What Is a Casino?


A casino is a building or room used for social amusements, especially gambling. The word casino is derived from the Latin for “house of games.” Until the late 1970s, most American states did not allow gambling. When New Jersey permitted it in 1989, a wave of legalization followed. Today there are casinos in nearly every state.

Casinos are designed to appeal to the senses of sight, sound, and touch. Colorful floor and wall coverings can be stimulating, and the cling clang noise of coins dropping is designed to distract patrons from their surroundings and to make them lose track of time. Many casinos feature clocks in the lobby and on the gaming floor, but they are often not visible to gamblers because they are behind glass or framed against walls. Gamblers are encouraged to gamble by offering free meals, drinks, and shows. In addition, they can earn comps, or points redeemable for cash, for frequent patronage.

Among the most popular games, slots attract the greatest numbers of players. According to a report by Gemini Research, in March 2002, fifty percent of respondents who acknowledged participation in casino gambling said slot machines were their favorite. Card games, like blackjack and poker, ranked second. Other popular games included bingo and keno, but table games such as roulette and craps and sports/racing betting drew only a small percentage of participants.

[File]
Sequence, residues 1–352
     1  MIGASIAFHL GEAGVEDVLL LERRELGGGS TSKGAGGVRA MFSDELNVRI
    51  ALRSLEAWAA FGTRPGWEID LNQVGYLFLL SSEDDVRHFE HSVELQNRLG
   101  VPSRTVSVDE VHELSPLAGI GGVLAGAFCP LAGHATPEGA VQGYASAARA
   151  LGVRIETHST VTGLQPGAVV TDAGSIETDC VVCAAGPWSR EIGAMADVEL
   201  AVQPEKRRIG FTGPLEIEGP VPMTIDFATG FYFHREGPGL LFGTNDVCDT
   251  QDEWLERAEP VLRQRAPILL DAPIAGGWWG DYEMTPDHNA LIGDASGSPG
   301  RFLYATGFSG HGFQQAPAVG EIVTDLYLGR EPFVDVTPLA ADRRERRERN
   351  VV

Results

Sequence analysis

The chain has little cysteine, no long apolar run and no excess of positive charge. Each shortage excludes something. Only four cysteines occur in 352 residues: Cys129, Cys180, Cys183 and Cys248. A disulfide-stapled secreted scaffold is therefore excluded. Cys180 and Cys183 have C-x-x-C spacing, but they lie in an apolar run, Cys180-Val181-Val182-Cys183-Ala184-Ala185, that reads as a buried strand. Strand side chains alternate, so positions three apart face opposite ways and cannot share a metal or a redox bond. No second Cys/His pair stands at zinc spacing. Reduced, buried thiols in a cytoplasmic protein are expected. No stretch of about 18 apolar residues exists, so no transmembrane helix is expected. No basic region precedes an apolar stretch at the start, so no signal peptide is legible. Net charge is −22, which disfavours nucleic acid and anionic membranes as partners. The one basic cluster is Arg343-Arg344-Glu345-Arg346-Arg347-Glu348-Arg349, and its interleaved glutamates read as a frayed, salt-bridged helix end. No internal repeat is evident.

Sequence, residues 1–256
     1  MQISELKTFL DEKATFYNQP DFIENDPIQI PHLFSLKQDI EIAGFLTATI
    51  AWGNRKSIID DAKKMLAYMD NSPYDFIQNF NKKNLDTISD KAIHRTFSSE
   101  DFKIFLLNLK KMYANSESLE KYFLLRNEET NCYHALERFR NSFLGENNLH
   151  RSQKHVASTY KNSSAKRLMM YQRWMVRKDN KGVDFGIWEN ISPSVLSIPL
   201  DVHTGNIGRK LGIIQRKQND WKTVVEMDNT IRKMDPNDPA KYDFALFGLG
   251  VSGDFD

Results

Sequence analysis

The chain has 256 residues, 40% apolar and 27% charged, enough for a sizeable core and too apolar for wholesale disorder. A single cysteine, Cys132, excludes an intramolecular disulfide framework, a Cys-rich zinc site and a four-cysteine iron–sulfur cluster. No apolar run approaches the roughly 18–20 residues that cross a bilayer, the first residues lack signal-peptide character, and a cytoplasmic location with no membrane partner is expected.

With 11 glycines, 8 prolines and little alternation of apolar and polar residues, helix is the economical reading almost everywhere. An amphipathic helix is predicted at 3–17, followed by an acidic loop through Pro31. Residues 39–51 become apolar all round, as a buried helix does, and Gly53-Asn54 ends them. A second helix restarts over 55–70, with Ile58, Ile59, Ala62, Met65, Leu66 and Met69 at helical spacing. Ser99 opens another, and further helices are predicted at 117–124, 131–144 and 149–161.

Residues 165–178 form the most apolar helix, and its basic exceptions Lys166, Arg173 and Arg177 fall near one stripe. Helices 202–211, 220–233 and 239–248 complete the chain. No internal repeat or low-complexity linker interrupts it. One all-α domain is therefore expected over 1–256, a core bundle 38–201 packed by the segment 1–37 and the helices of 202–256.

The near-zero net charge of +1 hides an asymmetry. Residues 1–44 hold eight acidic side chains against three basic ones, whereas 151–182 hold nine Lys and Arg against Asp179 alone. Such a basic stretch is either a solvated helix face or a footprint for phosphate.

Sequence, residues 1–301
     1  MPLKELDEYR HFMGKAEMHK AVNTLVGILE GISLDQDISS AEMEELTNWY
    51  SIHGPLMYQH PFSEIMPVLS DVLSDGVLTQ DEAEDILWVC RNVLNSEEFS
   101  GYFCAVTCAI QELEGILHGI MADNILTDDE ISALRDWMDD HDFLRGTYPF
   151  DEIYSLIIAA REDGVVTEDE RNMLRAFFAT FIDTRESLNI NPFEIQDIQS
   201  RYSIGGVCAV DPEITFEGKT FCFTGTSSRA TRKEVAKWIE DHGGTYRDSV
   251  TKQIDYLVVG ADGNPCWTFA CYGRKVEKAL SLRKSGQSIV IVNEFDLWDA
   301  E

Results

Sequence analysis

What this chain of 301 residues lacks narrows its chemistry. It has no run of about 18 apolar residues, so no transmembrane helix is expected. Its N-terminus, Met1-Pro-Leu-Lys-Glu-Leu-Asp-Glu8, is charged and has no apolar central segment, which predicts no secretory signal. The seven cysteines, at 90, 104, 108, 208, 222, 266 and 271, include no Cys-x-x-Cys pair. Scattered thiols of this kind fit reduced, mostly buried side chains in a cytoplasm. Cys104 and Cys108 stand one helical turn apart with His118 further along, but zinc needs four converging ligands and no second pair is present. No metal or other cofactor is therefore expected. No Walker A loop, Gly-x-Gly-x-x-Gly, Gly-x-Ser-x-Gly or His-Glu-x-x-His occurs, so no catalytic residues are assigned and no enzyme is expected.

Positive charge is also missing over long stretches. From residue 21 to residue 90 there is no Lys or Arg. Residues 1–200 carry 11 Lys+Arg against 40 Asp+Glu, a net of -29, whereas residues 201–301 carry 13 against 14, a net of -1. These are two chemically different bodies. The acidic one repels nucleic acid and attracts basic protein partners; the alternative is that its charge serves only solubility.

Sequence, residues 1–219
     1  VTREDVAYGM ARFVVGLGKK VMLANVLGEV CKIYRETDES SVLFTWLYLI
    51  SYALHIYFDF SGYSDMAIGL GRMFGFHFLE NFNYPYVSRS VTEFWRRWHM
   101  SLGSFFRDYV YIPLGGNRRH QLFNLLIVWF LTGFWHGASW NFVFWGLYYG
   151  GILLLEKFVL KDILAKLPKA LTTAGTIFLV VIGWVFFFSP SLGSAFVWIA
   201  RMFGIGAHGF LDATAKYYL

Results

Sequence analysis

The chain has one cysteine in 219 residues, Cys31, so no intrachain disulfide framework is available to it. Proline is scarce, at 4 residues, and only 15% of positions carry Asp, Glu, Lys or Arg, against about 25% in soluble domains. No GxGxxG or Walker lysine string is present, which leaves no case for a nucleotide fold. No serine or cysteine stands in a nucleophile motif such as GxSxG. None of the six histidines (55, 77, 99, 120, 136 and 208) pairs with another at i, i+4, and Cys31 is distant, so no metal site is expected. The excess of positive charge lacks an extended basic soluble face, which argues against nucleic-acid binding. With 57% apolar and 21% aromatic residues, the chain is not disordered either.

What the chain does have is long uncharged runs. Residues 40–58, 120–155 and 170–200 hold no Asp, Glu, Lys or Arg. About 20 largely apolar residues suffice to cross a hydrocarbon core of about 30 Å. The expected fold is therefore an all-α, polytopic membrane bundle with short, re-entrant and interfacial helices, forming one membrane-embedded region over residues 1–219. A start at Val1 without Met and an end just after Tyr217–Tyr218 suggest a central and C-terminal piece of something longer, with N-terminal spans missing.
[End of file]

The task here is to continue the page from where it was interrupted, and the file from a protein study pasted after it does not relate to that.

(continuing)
Due to the large amount of money handled within a casino, both patrons and staff may be tempted to cheat or steal, either in collusion or independently. Therefore, most casinos have security measures in place to deter such activities. These include video cameras throughout the facility and technology that can monitor game play minute-by-minute; for example, in some games, betting chips have built-in microcircuitry to interact with computer systems to oversee the total amounts wagered and warn of any statistical anomalies.